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  13. That seems wrong: pedagogically defusing moral relativism and moral skepticism.Jimmy Alfonso Licon - 2023 - International Journal of Ethics Education 8 (2):335-349.
    Students sometimes profess moral relativism or skepticism with retorts like ‘how can we know?’ or ‘it’s all relative!’ Here I defend a pedagogical method to defuse moral relativism and moral skepticism using phenomenal conservatism: if it seems to S that p, S has defeasible justification to believe that p; e.g., moral seemings, like perceptual ones, are defeasibly justified. The purpose of defusing moral skepticism and relativism is to prevent these metaethical views from (...)
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    The Metaethical Moral Relativism in the Human Biology Principia.Joel Antonio-Vásquez - manuscript
    I argue that The Metaethical Moral Relativism has been being used as a form of support in order to commit desire–belief actions against Human Biology Principia. The lacking of Moral Epistemology allows me illustrate and explain practical downsides in the Ontological part of Moral Knowledge. I recommend a departure from The Biological Basis of Morality in favor to avoid contemporary misuses in the Justification of The Metaethical Moral Relativism.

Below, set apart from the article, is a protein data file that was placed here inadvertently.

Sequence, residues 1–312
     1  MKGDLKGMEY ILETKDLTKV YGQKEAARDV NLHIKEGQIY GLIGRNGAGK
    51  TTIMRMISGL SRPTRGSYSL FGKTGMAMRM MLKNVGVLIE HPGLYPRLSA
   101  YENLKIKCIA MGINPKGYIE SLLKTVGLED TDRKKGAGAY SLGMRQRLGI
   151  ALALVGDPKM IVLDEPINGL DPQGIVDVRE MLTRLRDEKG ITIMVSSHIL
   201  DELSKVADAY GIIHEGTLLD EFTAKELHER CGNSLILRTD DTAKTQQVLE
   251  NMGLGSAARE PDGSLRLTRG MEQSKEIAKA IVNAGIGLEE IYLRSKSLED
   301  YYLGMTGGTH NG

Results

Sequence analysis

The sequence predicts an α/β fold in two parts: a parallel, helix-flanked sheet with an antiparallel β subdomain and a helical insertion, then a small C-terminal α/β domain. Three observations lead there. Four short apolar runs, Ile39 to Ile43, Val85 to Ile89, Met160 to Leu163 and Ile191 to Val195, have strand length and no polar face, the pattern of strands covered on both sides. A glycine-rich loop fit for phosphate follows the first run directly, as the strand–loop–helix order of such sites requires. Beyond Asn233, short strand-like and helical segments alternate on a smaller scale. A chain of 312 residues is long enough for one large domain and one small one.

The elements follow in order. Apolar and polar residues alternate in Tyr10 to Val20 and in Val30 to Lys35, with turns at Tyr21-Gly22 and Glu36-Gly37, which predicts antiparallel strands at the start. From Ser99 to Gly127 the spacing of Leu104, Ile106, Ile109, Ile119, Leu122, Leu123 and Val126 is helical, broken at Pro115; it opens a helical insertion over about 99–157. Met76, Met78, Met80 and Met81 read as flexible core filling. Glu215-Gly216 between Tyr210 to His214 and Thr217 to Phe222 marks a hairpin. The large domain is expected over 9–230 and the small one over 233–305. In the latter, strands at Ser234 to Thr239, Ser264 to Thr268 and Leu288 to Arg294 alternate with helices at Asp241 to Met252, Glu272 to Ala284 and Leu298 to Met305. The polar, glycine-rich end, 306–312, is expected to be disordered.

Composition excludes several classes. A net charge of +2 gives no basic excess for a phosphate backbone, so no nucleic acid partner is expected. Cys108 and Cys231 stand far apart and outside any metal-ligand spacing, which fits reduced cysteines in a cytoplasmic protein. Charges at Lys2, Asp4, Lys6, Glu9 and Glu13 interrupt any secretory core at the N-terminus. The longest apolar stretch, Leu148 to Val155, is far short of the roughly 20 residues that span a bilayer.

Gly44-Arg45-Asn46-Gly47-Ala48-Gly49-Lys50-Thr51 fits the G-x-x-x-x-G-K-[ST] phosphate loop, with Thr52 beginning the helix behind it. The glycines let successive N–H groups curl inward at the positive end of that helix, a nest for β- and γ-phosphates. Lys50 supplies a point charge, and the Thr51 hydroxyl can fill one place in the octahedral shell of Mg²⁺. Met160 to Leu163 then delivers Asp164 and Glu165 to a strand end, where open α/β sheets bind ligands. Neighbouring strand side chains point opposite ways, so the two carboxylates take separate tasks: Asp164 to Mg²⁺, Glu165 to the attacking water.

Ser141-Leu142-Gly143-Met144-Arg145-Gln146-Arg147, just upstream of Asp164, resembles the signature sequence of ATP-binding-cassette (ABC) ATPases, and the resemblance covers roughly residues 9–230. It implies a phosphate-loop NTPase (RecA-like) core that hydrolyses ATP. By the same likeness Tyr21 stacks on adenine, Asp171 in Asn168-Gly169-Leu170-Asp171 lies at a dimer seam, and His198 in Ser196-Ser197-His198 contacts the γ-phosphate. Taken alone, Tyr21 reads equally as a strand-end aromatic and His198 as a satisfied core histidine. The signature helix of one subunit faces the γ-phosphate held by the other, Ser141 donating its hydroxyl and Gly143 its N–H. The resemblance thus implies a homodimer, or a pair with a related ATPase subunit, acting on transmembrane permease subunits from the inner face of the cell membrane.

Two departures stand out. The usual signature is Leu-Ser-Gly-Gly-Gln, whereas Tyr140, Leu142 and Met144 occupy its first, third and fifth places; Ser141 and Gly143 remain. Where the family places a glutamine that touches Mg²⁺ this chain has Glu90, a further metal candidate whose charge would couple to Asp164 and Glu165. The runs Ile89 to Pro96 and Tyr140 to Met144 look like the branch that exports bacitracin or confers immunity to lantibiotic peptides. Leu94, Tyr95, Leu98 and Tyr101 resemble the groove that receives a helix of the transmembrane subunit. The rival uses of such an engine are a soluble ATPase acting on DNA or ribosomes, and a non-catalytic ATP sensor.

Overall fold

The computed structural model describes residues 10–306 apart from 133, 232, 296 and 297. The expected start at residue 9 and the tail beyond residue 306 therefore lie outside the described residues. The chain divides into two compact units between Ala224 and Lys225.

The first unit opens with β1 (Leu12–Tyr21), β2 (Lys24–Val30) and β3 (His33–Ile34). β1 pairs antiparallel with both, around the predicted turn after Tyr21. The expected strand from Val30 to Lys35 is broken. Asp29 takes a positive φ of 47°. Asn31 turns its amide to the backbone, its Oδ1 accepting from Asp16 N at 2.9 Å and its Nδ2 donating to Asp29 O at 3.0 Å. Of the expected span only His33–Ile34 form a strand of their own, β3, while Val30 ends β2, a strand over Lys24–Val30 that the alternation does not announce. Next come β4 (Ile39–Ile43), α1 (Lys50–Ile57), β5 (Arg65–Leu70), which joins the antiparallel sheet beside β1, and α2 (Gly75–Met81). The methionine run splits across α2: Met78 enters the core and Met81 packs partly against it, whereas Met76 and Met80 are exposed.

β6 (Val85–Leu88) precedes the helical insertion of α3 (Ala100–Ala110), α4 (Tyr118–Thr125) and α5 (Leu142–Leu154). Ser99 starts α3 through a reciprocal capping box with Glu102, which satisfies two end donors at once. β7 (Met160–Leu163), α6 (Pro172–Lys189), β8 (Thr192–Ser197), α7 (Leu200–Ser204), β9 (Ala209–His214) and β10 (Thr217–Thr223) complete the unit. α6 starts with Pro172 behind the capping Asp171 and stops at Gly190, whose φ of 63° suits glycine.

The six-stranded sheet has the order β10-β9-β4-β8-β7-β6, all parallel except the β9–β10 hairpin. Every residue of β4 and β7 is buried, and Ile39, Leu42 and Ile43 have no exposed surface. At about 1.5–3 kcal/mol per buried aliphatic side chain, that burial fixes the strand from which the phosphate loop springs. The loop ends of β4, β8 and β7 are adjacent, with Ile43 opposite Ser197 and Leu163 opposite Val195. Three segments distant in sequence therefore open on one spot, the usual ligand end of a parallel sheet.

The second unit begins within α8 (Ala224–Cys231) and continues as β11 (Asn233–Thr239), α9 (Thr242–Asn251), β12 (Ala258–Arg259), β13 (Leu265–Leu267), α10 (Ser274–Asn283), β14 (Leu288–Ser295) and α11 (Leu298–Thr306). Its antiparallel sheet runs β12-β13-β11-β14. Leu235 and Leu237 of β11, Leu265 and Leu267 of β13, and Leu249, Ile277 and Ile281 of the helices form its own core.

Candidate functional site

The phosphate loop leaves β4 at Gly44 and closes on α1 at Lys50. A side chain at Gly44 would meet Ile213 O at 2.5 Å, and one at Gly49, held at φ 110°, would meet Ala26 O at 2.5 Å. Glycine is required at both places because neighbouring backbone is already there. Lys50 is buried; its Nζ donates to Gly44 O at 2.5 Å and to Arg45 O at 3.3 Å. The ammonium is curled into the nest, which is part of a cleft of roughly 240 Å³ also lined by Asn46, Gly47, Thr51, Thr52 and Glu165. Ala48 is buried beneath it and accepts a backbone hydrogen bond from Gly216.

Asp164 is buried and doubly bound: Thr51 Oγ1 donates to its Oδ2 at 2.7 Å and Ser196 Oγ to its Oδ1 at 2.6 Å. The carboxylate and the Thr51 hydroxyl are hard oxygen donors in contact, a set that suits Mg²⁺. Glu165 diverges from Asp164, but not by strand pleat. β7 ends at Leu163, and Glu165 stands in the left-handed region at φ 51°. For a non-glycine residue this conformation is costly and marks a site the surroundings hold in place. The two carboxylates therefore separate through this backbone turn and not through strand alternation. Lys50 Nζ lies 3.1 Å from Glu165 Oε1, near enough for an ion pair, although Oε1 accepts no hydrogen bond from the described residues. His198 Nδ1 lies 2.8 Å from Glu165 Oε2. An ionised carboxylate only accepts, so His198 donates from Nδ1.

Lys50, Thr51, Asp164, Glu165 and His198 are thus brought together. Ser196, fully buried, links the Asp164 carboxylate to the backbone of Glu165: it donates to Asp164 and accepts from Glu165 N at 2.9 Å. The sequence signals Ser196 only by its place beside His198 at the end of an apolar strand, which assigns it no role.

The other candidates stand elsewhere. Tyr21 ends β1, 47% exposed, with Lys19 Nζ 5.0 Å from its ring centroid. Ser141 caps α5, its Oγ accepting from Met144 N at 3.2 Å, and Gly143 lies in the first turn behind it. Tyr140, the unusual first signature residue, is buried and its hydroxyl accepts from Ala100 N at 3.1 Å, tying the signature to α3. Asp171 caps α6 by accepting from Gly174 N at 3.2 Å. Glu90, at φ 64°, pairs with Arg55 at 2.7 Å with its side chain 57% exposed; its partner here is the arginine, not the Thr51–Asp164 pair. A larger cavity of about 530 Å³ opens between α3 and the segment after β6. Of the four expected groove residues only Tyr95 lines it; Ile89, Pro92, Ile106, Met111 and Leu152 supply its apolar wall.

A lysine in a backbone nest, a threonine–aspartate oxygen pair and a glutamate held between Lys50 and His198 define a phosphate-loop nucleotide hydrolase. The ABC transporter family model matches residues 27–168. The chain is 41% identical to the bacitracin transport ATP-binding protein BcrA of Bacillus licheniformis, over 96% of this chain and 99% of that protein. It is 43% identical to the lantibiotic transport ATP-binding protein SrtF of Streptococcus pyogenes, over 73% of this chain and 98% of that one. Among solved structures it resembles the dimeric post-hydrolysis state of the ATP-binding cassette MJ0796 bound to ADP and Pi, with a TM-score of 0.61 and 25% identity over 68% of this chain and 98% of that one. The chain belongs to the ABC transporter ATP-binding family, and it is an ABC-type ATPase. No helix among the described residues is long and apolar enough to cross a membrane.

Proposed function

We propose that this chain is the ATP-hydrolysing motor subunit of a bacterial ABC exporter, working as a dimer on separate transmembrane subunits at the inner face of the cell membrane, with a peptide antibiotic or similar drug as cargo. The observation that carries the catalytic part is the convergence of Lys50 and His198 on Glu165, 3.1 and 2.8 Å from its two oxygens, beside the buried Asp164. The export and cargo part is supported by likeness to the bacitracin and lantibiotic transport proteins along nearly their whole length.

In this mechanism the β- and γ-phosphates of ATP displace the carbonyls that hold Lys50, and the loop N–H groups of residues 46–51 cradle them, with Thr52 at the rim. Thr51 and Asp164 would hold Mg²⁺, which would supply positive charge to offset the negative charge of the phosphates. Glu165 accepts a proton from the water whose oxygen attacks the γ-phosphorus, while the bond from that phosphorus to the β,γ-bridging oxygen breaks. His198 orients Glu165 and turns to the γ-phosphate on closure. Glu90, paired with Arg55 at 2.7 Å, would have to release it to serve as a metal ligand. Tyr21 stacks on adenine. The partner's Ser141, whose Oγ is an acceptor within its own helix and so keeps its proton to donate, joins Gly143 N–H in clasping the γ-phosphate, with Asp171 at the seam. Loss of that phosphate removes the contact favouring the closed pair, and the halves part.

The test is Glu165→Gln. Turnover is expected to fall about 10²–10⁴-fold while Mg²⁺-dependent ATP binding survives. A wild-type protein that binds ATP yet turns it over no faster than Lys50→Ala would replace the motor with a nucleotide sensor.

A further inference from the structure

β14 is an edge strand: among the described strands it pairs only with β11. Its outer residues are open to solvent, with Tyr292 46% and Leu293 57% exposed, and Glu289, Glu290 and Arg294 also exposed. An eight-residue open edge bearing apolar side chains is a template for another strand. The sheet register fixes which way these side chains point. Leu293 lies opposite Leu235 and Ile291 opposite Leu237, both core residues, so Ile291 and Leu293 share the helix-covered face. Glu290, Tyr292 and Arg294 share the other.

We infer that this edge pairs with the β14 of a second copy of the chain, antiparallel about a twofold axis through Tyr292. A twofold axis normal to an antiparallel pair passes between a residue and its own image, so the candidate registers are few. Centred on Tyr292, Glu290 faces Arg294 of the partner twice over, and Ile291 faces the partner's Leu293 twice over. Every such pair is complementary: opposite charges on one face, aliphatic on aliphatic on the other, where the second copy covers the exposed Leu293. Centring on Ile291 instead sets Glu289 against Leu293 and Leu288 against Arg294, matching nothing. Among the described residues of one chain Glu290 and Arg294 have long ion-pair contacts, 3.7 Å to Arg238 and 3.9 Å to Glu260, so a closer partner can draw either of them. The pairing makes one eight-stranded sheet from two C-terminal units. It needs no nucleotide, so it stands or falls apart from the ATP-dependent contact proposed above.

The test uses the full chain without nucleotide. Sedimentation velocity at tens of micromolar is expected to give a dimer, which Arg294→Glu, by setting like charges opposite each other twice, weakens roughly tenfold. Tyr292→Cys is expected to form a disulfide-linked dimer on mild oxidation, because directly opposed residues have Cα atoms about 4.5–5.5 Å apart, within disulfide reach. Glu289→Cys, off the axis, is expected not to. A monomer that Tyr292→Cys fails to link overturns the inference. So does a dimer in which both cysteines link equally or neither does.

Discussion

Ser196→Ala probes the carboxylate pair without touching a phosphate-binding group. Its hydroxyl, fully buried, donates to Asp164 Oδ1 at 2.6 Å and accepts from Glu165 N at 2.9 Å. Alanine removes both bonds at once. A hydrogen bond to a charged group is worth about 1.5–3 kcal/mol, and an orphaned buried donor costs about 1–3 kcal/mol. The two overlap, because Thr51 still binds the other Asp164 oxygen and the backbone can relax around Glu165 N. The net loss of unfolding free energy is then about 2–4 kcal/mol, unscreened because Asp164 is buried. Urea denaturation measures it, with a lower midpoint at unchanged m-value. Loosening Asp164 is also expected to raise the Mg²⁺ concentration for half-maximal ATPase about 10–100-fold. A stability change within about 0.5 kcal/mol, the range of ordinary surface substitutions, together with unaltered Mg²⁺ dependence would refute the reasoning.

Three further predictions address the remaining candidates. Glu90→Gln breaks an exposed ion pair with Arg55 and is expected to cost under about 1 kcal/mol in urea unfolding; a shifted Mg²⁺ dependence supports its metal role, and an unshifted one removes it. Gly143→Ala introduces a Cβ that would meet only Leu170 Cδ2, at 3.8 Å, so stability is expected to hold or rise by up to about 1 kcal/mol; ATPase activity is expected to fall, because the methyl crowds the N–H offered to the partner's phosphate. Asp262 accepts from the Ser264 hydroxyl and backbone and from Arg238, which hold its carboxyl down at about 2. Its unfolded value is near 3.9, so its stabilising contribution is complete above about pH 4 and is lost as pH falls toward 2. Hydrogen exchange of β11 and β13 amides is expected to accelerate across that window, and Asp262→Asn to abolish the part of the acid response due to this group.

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  15. Evolutionary Debunking and Moral Relativism.Daniel Z. Korman & Dustin Locke - 2019 - In Martin Kusch (ed.), The Routledge Handbook of Philosophy of Relativism. Routledge. pp. 190-199.
    Our aim here is to explore the prospects of a relativist response to moral debunking arguments. We begin by clarifying the relativist thesis under consideration, and we explain why relativists seem well-positioned to resist the arguments in a way that avoids the drawbacks of existing responses. We then show that appearances are deceiving. At bottom, the relativist response is no less question-begging than standard realist responses, and – when we turn our attention to the strongest formulation of the debunking (...)
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  16. Military Virtues and Moral Relativism.Peter Olsthoorn - 2019 - In Michael Skerker, David Whetham & Don Carrick (eds.), Military Virtues. Havant: Howgate Publishing.
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  17. What is moral relativism?Gilbert Harman - 1978 - In A. I. Goldman & I. Kim (eds.), Values and Morals. Boston: D. Reidel. pp. 143--161.